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I wrote a blog on positive things people have said to me that stuck throughout my career. Someone then suggested I should do one on things that suck. Due to the way blogging works this one will be more popular.

HR – sometimes – in the words of Bart Simpson ‘both sucks AND blows’

1. When we hide behind process. I recently heard about someone finding out that their redundancy period was being ended earlier than they thought via the brilliant communication method of their HR partner emailing them the redundancy policy with the appropriate section having been highlighted. Technically correct? Possibly. Gutless and petty? Yep. That’s not just poor HR, that is poor human interaction

2. When we fail to think like real people. For example ‘Why on earth can’t line managers get things back to us on time?’ The standard answer to this seems to be because they just don’t care. Not enough people take the leap to actually ask i) should they care? ii) why do we care? iii) is it worth getting upset about? iv) what else have they got on their plate? v) how easy have we made this? vi) is that a problem for the business or for our deadline? Are they the same thing? Why not?

3. When we claim success that isn’t ours. We all laugh when we see the candidates on The Apprentice having their CVs dissected in the final rounds as their achievements are held up to scrutiny. The truth is if we added up all the ROI that we claim as a profession (trainers… I’m looking at you) everybody would be working for a company bigger than Google and there wouldn’t be a recession. I once had a £1.3 million saving attributed to my employee retention work over a year. I don’t for one second think I actually saved that, but it looked good in the report. Guilty as charged. I know a significant company which has an HR department claiming great success for its internal social network. 20000 plus staff – only 70 on the platform, 50 of those from HR…

4. When we talk about theory – without recourse to real life. I don’t really give a flying duck about which coaching model you use as long as it works. I don’t care about the difference between coaching and mentoring – as long as people are getting what they need. I sure as hell don’t care about how many boxes you are putting in your model unless you can do something useful with the contents. The infuriating conversations that don’t drive anything (except academic TopTrumps) are simply posturing. I’m occasionally guilty of this (and most things in this piece). Just find something that works for your business – do it. Which coaching method/change model to use is not a deep moral or ethical question, it is preference and context. We have tools – if more than one does a job well then that is a good thing. Move on.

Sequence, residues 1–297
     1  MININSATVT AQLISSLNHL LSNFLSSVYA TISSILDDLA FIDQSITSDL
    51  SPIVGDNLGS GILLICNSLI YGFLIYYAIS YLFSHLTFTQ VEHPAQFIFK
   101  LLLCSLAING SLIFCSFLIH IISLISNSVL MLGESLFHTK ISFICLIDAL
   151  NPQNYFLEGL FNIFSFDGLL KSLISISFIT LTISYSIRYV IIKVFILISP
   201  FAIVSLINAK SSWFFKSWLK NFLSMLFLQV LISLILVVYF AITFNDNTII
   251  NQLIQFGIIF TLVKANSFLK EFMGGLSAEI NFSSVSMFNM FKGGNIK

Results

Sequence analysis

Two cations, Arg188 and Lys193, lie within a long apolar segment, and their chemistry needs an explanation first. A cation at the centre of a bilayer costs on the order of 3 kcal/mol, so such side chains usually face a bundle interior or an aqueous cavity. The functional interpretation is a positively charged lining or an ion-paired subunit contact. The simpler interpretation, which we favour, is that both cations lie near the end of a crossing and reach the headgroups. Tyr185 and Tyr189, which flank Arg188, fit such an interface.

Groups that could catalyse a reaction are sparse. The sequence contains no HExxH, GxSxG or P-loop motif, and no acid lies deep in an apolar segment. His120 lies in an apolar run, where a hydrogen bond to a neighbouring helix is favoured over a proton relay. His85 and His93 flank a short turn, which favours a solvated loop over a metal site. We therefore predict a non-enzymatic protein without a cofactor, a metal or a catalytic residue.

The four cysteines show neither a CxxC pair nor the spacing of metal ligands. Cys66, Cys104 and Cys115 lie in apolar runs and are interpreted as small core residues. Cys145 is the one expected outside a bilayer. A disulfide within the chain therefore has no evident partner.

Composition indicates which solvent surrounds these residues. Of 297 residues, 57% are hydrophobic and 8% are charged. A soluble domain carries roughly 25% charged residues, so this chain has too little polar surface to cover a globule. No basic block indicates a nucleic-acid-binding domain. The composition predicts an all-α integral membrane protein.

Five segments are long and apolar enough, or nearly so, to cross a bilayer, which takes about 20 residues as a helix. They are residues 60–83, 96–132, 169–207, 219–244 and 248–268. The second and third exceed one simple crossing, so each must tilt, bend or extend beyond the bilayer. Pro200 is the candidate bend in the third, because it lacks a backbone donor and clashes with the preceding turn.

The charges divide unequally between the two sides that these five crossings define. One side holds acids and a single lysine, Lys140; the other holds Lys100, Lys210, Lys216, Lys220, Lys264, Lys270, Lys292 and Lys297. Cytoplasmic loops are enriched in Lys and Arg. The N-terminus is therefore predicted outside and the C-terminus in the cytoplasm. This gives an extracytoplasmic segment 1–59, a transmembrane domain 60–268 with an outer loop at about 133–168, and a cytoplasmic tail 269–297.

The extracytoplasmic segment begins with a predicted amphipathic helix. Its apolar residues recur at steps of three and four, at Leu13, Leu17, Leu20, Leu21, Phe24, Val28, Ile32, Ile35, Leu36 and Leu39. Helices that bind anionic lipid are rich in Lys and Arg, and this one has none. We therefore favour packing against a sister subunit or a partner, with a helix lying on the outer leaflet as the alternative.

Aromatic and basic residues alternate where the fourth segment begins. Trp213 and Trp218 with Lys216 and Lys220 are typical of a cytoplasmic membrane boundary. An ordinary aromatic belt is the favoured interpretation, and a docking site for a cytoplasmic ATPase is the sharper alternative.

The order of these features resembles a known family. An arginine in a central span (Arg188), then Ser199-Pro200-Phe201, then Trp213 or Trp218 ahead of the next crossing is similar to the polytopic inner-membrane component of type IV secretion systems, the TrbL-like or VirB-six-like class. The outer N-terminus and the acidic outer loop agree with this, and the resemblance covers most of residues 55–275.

5. When we don’t eat our own dogfood. Create tools, use those tools, make a difference, refine those tools – it isn’t more complex than that. Policy keeps things static, actions keep things moving. This is basic stuff. Don’t sit in your own office, isolated, trying to work out how to improve cross functional working – it even sounds silly when you describe it that way.

If you design a process then you must follow the process or kill the process. If you want people to be tough on absence then we must be tough on our own absence in HR. If you want people to address performance issues proactively then deal with your own performance problems in HR first. If you want to create a coaching culture then be a bloody good coach. We don’t prescribe stuff for the business – we either believe in it enough to do it ourselves or we not put it out there in the first place. Eat your own dogfood – if you won’t, don’t expect others to.

6. When we overly generalise or polarise to make our point. Of course I don’t believe in no policy or structure. I’m not an idiot. So refrain from thinking of me as a crazy impractical anarchist for suggesting we turn down the rulemaking dial… just a little bit.

The ‘how good should HR people be with data’ debate is an example of this. Do I think HR people should be able to use Excel? Yes. Do I think they should spend all day looking at spreadsheets? No. Do I think there should be an advanced test using VB to write macros as part of the recruitment process? No. Most choices aren’t binary and shouldn’t be presented as such – if we are dealing with complex things then let’s make them as simple as we can, by all means, but in HR we have a horrible habit of mainly simplifying the argument of just the other side. It doesn’t help either side. If you were in the HR numeracy debate you probably think I’ve crudely polarised your position – tricky isn’t it?

7. When we use overly complex language or (even worse) complain when other people use simple language. I’m expecting complaints about use of the word sucks and a host of people interpreting this blog as me stating everything about HR is wrong. It isn’t – but not everything about HR is right and therein lies the opportunity. I’d rather err on the side of ‘what more can we do?’ than ‘I think we’re fine’. Aim for awesome.

I think ‘we’re fine’ rarely drives progress. Some bits of HR and some people in HR still suck AND blow in their behaviours. It’s straightforward and I’d rather call it out in that language than define it as a ‘long term competency challenge’. Ongoing suckiness is an issue that nobody benefits from ignoring. Complacency stems from a defensive position. That’s a bad place for anyone in any profession to be.

7 deadly sucks of HR

7 deadly sucks of HR

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